The NFL versus MoneyballBy: Grant W. Levitan and Gene Morrissy
Want to do better at selecting talent than the National Football League selects players? Here is what we learned from the research and from a Major League Baseball president that will improve your batting average.
NFL leaders succumb to natural bias, favoring athletes who are tall, fast, and strong. "It's about a particular cultural fascination with the idea of potential," Malcolm Gladwell, Canadian author and journalist, explains. "NFL teams think that these ‘natural athletes’ have more room to improve than anybody else. But the evidence suggests that if anything, those who are slower or shorter, and who have had to compensate for those deficiencies with increased hard work, guile, and intelligence prove to be better performers.”
So what does this have to say about assessing talent beyond the gridiron? For one thing, it suggests that credentials such as the prestige BA or MBA diploma might not be as accurate a predictor as the individual’s track record in persevering and overcoming barriers and attitude toward continual learning and coaching.
Not long ago, in a conversation with the president of an MLB club, he spoke of the exhaustive process by which they initially assess talent. First, the player-development team meets to identify ideal key performance dimensions using Moneyball analytics such as on-base percentage for hitters, speed to the ball for outfielders, and velocity, movement, and on-base percentage for pitchers. Then scouts observe the play of teen athletes on high school or junior college diamonds to measure their athletic abilities and come back with hard data. What may surprise you is that while the scouts are on site, they also interview family members in the bleachers and observe a number of the obvious and many more subtle behaviors of the parents and siblings to get a sense for the kind of adult this athlete might become. At this stage, they are looking at the whole person, assessing character and role models—not just athletic performance. They combine these data sets with their own Moneyball analytics to decide which players to draft and how much to offer them.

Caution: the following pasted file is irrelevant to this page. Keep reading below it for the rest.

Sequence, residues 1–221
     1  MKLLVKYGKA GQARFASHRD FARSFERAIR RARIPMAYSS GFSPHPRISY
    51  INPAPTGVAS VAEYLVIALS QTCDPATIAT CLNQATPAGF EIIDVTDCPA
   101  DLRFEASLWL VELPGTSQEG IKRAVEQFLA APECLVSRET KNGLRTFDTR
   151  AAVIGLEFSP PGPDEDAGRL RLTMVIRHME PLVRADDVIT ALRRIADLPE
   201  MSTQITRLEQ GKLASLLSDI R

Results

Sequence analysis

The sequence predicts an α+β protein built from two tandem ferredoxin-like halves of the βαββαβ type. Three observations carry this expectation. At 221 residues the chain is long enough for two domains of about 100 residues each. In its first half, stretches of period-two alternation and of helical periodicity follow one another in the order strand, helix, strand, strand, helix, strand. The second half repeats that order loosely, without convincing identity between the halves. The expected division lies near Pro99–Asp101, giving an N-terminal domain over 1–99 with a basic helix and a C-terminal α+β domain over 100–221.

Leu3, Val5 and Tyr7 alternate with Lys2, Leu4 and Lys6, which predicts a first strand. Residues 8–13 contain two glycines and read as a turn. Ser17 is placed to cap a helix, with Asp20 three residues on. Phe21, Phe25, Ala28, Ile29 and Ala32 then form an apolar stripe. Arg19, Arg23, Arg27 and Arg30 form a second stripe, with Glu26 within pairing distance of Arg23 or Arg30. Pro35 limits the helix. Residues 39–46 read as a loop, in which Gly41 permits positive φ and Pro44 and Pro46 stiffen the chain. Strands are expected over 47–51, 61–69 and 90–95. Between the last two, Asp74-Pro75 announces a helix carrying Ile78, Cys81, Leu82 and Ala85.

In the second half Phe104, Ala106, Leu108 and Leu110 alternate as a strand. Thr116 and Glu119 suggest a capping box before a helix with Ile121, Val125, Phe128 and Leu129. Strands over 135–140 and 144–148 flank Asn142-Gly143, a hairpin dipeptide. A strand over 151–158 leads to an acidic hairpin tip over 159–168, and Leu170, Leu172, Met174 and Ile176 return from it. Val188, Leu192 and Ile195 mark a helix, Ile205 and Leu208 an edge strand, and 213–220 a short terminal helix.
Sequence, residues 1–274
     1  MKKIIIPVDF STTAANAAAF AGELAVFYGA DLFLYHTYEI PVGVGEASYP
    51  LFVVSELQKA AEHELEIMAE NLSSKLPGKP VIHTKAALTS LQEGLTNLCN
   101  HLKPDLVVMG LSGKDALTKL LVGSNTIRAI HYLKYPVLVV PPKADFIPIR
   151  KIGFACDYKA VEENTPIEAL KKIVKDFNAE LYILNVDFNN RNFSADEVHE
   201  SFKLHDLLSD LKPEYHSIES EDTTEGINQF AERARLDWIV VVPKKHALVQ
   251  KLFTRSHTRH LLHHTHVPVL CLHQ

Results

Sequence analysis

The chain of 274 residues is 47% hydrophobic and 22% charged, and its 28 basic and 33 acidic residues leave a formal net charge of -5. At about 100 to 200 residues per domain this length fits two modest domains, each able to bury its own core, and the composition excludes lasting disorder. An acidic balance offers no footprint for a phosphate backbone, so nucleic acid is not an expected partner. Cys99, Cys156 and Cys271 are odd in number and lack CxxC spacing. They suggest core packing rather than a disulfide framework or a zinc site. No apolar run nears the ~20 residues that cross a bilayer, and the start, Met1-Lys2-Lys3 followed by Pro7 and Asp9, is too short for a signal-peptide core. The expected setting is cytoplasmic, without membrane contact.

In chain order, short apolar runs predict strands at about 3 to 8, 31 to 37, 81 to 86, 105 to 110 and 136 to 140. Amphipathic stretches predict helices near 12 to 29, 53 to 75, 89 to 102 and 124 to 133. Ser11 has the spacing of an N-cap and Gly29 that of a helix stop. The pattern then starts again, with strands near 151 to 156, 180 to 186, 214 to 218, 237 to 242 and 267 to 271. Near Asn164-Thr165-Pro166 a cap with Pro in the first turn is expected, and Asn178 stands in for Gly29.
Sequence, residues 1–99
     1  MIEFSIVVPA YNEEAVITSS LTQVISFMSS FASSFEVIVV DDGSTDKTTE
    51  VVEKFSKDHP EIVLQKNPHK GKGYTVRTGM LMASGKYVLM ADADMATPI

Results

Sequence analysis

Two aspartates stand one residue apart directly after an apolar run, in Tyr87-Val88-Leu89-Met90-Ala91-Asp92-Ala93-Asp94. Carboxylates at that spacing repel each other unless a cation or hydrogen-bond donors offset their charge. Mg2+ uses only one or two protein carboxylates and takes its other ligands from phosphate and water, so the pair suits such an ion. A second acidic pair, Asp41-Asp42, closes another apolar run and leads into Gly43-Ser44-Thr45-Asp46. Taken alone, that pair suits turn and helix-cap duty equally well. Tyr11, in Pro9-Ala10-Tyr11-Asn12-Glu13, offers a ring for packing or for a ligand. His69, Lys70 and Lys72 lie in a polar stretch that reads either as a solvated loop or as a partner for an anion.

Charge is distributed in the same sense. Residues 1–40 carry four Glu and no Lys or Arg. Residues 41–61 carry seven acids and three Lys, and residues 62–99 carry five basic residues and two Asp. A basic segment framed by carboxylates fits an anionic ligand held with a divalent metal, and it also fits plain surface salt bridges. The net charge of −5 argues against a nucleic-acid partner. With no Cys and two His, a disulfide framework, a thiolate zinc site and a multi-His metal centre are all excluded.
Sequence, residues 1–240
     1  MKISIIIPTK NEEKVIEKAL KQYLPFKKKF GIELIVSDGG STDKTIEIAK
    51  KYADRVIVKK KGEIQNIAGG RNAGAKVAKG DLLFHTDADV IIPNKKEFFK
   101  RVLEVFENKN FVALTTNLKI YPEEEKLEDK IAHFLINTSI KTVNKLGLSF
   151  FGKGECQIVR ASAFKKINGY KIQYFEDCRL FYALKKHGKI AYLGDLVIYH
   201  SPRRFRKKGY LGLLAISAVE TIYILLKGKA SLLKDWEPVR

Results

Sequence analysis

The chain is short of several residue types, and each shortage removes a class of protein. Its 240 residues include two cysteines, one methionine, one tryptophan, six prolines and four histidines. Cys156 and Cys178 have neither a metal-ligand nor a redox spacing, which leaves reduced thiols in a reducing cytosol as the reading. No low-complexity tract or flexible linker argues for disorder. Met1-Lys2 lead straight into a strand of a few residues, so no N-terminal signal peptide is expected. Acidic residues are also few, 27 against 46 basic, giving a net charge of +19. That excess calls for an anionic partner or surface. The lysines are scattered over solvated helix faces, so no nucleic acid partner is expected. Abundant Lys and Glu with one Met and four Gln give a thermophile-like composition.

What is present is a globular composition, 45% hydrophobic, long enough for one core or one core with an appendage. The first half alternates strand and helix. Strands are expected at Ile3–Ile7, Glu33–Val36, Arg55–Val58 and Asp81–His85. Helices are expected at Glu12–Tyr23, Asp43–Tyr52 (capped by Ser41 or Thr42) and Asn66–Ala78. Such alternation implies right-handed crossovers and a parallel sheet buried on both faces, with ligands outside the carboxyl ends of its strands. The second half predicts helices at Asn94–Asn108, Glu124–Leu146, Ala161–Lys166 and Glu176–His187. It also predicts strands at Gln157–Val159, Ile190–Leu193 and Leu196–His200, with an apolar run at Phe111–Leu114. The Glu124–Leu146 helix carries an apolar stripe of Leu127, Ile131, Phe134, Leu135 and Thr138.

When you are hiring, first get firm alignment regarding the position specifications among all key stakeholders. In a typical internal assessment interview you probably don’t have an eye to family background and core internal motivations. This is where a multifaceted external assessment can provide insight into the individual’s intellectual, emotional, and motivational makeup through skilled interviewing. A capable assessor teases out the factors that predict a candidate’s approach to self-development and ability to deal effectively with the inevitable setbacks that accompany managerial roles, both of which are robust predictors of future performance.
How do you get the complementary, Moneyball-type analytical hard data? Employ an in-depth personality inventory and tests that provide an objective read on raw capabilities and problem-solving performance under pressure. Combined, these two sources of data enable you to improve your batting average and make hiring decisions with the same kind of precision as best-in-class Major League Baseball teams.
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